Throughout the book of 1 John, we see detailed treatments of three basic tests of genuine Christianity. They are the moral and ethical (keeping God’s commands), the familial (loving one another), and doctrinal (believing the truth). In this passage of his letter, we find John addressing the first two of these.
Now by this we know that we know Him, if we keep His commandments. He who says, ‘I know Him,’ and does not keep His commandments, is a liar, and the truth is not in him. But whoever keeps His word, truly the love of God is perfected in him. By this we know that we are in Him. He who says he abides in Him ought himself also to walk just as He walked. Brethren, I write no new commandment to you, but an old commandment which you have had from the beginning. The old commandment is the word which you heard from the beginning. Again, a new commandment I write to you, which thing is true in Him and in you, because the darkness is passing away, and the true light is already shining. He who says he is in the light, and hates his brother, is in darkness until now. He who loves his brother abides in the light, and there is no cause for stumbling in him. But he who hates his brother is in darkness and walks in darkness, and does not know where he is going, because the darkness has blinded his eyes
(1 John 2:3-11).
First we must deal with assurance of salvation in the context where we normally think of it. Remember the context of this letter. John is not addressing a tormented Christian, alone in his room, wrestling with a troubled conscience over some sin or affliction in his life. John is not addressing the sensitive believer in the midst of a panic attack. He is talking about a group of false teachers who have an utter disregard for the commands of God. In John’s mind, these issues are to be understood in terms of light and darkness; he is not discussing varying degrees of early twilight. His absolutism is refreshing in a relativistic era, in which our thinkers and theologians want all cats to be gray.
But biblical assurance is never achieved by looking within. First, we gain assurance by looking in faith to the perfect obedience of our Lord Jesus Christ. Secondly, our assurance is confirmed when we look at our lives and see an imperfect obedience (distinct from our previous rebellion), which imperfect obedience is accepted for Jesus’ sake. Only in this way will we avoid two errors: on the one hand, complacent resting in sin because of our supposed ‘justification,’ and on the other, frantically working to be ‘righteous enough’ in order to be assured of salvation.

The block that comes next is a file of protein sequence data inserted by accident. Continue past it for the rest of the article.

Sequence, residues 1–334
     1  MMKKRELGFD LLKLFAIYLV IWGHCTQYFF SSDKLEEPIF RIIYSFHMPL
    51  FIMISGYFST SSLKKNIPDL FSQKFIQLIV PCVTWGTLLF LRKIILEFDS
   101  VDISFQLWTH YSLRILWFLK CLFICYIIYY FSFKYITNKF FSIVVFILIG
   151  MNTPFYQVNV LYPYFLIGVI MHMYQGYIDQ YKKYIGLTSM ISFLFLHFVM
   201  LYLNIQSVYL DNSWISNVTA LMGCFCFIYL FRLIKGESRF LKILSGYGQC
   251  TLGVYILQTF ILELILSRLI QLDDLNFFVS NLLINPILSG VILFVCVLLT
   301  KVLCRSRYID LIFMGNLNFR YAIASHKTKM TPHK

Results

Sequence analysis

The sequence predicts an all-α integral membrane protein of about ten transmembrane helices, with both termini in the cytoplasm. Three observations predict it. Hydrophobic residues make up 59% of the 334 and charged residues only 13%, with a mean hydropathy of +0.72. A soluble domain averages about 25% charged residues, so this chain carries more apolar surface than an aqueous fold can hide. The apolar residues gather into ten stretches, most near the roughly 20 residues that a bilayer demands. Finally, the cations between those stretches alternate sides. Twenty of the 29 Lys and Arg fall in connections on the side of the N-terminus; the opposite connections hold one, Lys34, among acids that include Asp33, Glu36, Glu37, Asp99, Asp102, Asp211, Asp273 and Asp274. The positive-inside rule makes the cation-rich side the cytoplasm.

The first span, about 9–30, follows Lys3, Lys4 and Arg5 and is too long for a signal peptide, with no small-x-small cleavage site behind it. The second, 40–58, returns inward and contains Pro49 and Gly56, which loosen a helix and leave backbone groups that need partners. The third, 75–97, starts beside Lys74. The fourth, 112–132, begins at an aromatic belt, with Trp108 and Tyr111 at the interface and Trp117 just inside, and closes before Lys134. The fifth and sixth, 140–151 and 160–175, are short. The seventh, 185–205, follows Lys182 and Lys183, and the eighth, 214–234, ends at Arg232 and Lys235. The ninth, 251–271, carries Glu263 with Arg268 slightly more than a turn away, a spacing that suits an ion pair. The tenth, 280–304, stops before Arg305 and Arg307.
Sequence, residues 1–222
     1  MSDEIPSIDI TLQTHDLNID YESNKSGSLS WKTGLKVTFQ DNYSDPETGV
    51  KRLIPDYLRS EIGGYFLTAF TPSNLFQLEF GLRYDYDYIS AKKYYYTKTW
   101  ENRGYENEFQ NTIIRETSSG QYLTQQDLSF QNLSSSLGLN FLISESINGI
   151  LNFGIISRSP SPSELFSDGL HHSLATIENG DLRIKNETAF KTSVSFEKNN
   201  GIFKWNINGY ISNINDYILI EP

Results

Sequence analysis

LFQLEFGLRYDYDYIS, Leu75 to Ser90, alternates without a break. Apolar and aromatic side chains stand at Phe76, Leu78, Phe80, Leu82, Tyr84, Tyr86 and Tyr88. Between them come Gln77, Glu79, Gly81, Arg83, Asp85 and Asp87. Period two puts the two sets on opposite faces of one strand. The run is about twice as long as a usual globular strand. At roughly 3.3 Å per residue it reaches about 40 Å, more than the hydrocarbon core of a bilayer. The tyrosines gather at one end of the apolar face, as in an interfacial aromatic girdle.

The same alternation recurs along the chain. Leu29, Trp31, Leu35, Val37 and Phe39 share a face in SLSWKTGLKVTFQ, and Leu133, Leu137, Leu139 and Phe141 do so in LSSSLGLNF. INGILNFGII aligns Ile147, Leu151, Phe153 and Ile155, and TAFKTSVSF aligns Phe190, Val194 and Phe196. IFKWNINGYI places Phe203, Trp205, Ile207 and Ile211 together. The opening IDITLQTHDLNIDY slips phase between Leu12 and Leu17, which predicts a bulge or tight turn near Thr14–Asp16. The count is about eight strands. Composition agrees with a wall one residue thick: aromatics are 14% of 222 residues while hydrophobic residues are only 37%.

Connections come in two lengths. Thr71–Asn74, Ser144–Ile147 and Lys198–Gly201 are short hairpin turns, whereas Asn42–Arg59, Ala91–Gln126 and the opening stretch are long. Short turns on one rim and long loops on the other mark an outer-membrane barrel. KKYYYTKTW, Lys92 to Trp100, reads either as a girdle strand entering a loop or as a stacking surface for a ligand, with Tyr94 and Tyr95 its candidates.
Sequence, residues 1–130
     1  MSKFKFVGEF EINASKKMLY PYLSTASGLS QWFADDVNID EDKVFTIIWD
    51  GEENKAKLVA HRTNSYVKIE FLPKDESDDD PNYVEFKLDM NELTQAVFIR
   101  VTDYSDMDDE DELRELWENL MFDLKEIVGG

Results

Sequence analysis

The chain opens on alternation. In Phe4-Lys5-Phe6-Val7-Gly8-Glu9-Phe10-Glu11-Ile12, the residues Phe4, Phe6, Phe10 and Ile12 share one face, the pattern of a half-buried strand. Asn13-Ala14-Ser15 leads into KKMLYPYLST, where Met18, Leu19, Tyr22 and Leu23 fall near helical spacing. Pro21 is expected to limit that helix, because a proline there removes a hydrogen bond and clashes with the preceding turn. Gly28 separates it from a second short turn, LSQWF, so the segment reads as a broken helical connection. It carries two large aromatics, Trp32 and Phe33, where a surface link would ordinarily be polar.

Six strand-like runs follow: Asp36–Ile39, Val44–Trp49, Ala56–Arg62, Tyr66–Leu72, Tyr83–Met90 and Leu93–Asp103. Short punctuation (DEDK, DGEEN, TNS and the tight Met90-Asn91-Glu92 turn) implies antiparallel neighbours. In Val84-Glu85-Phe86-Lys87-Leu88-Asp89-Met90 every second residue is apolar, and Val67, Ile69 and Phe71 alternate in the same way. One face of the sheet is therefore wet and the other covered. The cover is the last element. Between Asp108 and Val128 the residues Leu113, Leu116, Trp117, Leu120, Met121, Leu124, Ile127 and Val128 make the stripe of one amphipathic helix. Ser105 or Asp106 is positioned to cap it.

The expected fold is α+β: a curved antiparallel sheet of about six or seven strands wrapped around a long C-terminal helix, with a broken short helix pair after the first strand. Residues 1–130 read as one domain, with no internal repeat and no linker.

We can see here that we know that we know — when we live in a distinct way from the false teachers (who say obedience is unnecessary), this gives us a genuine assurance. We can be assured because we resist false claims — the one who says he knows God and yet walks in darkness is a liar. Note what it does not say. It does not say that the one who falls down in the light is a liar, or the one who stumbles in the light is a liar. It refers to the one who walks in darkness. Then there is the love for God that His children have — if the believer keeps the word of God, in this we see the love of God perfected or completed in him. And finally, we can ask “what would Jesus do?” The one who claims to abide in Jesus must walk in the same way that He did. The point here is the ongoing imitation of Christ. But please note, this is not an imitation of the Jesus of popular imagination. The question is what “would Jesus do?”, and not “what would we like Jesus to have done?”
We should rejoice in our Christian faith, a faith in which the truth is always ancient, and the love is new every morning. There is no new commandment; the necessity of loving one another is not a novelty introduced later on in the Christian life. Every young Christian, with the water of baptism still on him, needs to be taught that Christians love one another. And old commandments, when they are obeyed, are new. Obedience in love is light, and lights the way. A man who refuses to love is in the dark and stumbles around in the dark. The one who walks in light can see the way. Loving the brothers is described as walking in the light. Such a man has no cause for stumbling (skandalon) in him. Those who walk in darkness (malice and hatred) have lost their way. One of the evidences that such people have lost their way is that they believe themselves to be in the light. Now obviously, if they think they are in the light, they must be using other criteria to make this determination. They must be appealing to their knowledge of their philosophy, or in some fashion be measuring themselves with themselves. “Whatever I see must be light. What I see is darkness. Darkness must therefore be light.”
As John would say to us if he were here, “Dear children, love one another.” But by means of the Scriptures, he is here, and he does say it.